Solid results for BHP as Elliott steps up shake-up talks

Iron ore train - credit BHP Billiton

BHP Billiton has reached its full-year guidance for iron ore production over the last financial year, with the mining giant’s latest operational review showing annual record production at Western Australia Iron Ore and at two Queensland coal mines.

BHP said that the record annual iron ore production (a 4% increase) was a reflection of productivity improvements in its supply chain, including the completion of a rail renewal and maintenance program in May 2017, as well as the commissioning of a new crusher and additional conveying capacity at Jimblebar.

“Our people have stepped up to unlock low-cost latent capacity and achieve strong productivity gains across our tier one assets,” BHP CEO Andrew Mackenzie said.

Copper production took a hit, however, with the company seeing an 18 per cent decrease in output from its Olympic Dam operations following South Australia’s state-wide power outage last year.

BHP expects a boost in copper production in the 2018 financial year after it undertakes its largest maintenance program at the Olympic Dam site, which it expects will lead to an increase in capacity in the coming years.

Metallurgical coal production was down by 6%, in large part due to lower production at Queensland Coal after the damage inflicted upon Aurizon’s rail infrastructure by Cyclone Debbie. Force majeure was declared for Queensland Coal products on 5 April and was eventually lifted on 1 July 2017.

Two mines, at Peak Downs and Saraji, were nonetheless able to achieve record annual production targets, while three additional mines had been on track for the same before Cyclone Debbie hit.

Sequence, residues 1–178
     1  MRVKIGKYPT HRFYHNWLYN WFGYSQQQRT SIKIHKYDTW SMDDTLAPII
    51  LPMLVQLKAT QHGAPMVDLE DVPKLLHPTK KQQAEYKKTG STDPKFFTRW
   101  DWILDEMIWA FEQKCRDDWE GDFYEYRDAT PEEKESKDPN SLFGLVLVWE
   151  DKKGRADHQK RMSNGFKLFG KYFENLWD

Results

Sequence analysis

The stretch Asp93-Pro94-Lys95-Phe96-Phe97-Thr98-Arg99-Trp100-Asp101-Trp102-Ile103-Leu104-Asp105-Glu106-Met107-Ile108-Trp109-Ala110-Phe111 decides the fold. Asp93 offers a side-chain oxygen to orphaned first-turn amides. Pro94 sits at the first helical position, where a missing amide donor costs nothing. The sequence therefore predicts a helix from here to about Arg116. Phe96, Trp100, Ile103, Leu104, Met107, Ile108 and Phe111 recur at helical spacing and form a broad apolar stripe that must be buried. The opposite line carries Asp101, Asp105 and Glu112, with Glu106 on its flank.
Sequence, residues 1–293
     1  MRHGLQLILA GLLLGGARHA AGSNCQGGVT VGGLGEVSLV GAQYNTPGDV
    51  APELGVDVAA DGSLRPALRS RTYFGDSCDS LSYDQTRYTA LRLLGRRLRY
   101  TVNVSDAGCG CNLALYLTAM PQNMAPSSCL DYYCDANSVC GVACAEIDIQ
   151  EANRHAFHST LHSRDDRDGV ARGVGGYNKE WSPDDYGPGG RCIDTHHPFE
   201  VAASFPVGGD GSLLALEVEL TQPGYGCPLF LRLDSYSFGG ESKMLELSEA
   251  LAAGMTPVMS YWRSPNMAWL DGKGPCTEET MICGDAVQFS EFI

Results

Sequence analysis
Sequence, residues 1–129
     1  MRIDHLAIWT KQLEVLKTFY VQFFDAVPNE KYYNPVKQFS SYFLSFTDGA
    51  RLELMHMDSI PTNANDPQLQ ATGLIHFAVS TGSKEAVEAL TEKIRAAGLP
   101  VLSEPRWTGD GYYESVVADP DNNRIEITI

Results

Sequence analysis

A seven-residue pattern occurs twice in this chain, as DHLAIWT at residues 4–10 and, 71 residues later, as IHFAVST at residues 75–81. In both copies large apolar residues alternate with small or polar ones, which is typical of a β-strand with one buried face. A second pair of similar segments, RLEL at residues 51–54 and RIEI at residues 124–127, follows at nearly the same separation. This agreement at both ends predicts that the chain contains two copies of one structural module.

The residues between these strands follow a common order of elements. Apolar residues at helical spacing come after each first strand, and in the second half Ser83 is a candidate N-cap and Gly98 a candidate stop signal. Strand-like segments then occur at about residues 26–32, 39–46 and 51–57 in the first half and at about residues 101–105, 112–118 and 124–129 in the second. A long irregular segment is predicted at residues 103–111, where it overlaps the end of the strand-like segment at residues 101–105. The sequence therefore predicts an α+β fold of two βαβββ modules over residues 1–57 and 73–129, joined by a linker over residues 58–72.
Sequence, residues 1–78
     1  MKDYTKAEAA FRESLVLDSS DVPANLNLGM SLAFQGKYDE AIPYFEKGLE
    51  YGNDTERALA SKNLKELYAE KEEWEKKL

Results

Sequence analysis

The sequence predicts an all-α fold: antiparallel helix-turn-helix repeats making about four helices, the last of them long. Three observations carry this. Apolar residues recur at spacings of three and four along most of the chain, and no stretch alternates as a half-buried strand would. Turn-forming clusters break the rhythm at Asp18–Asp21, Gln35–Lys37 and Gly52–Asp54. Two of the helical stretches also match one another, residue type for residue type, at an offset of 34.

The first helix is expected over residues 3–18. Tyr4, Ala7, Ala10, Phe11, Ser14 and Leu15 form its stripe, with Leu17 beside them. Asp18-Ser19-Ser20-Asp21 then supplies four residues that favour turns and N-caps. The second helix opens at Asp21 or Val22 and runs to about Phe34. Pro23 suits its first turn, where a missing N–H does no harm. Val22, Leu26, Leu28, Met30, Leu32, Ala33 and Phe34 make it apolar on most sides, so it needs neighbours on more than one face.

Moreover, BHP’s Caval Ridge Southern Circuit latent capacity project is reportedly progressing as planned, with production expected to increase early in the 2019 financial year.

Initial funding of US$184 million was approved by BHP in June 2017 for the South Flank iron ore mine project, and will be used for expansion of accommodation facilities that will support construction and workforce requirements in the future. The project will be submitted to BHP’s board for approval in the middle of 2018.

The positive production results came as a pair of major BHP Billiton shareholders reportedly voiced their in-principle support for activist investor Elliott Management’s campaign for a restructure at the multinational mining and energy giant.

The Fairfax report is the latest development in an ongoing battle between Elliott and BHP, with the former accusing the latter of wasting the spoils of the mining boom by ‘thinking big’, “instead of thinking about shareholders”.

A website published by Elliott argues that BHP has wasted billions of dollars moving to a dual-listed structure, making share buybacks at inflated market prices, and investing in US shale and petroleum while creating “no apparent value” in the process.

BHP has rejected pressures to restructure and abandon its US shale efforts, but according to this week’s AFR report a pair of major shareholders – Australian Foundation Investment Company and Wilson Asset Management Company – are both interested in Elliott’s ideas after a meeting with the activist investor in Sydney.

“I actually think they have been helpful in the sense that they have brought into the public focus the fact that BHP has actually underperformed over the last three, five, to 10 years and nobody can deny that is true and management and the board aren’t denying that either,” AFIC managing director Ross Barker was quoted as saying. “We’ve got an open door. [Elliott] have come in to see us.”

Announcing an 8% growth in iron ore production in a quarterly announcement on Wednesday, BHP chief executive Andrew Mackenzie remained positive about the miner’s diversified business.

“Our relentless focus on safety, productivity and capital discipline will support strong growth in shareholder value,” he said.